Today at the Web 2.0 Summit in San Francisco, Google’s Marissa Mayer said that users should expect the Google Health project to launch in Spring of 2008. Mayer outlined the ways Google can leverage its intense data storage capabilities to bring the medical field a new way of storing and sharing medical information.
“If you look at health care, there’s already a huge user need, people are already using Google more than any other tool on the Web to find health information,” Mayer told the conference crowd. “And the health care industry generates a huge amount of information every year. It’s a natural core competency fo us, to understand how to organize all that data.”
Richard Martin of InformationWeek reports:
Google has developed a prototype online platform for its health offering that incorporates personal medical records, health care-related search features, diet and exercise regimens, a localized “find a doctor” application, and other elements, Mayer confirmed. The company has shown the prototype to unspecified partners and is having both Google employees and “trusted testers” beta-test the system.
Mayer took over the health care initiative in August, after the original leader, Adam Bosworth, left the company. She said she’s been holding daily 90-minute meetings with the team developing the Google Health software, working on product refinements, improving features, and so on. While some parts of the system will be free, she says, the health care services and applications could be subscription-based.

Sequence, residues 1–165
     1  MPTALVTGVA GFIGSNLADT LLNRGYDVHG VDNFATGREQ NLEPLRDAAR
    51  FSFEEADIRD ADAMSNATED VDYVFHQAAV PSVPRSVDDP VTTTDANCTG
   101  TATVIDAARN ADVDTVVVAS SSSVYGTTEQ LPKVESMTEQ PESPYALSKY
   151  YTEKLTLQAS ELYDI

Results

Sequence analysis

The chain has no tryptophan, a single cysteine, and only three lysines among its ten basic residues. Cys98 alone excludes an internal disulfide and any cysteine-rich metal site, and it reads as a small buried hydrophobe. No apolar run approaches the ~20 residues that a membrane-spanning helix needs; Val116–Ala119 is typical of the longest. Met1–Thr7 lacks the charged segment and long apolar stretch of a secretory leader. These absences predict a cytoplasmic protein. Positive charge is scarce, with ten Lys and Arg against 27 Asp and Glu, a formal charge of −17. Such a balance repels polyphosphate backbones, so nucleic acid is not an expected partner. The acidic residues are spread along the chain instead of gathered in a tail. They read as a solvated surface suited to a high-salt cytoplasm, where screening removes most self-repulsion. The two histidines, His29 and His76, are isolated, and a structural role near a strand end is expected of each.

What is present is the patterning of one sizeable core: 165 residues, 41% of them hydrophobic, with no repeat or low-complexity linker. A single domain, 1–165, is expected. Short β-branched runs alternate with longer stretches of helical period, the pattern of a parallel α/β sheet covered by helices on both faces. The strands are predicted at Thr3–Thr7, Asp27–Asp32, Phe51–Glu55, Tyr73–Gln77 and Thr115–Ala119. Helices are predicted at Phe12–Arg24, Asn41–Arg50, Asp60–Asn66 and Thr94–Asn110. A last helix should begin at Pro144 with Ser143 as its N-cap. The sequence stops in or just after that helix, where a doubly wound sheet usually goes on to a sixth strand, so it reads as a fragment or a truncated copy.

InformationWeek adds that Google faces a ‘formiable competitor’ in Micorsoft, which is already making its Health moves.
Earlier this year, Microsoft acquired Medstory, a Foster City, Calif.-based startup specializing in search software optimized for finding health information. Microsoft has not publicly disclosed its plans for a health-related product, but is said to be working on an offering that combines software with an online component.
“We’re building a broad consumer health platform,” Steve Shihadeh, general manager of Microsoft’s health solutions group, told The New York Times in August.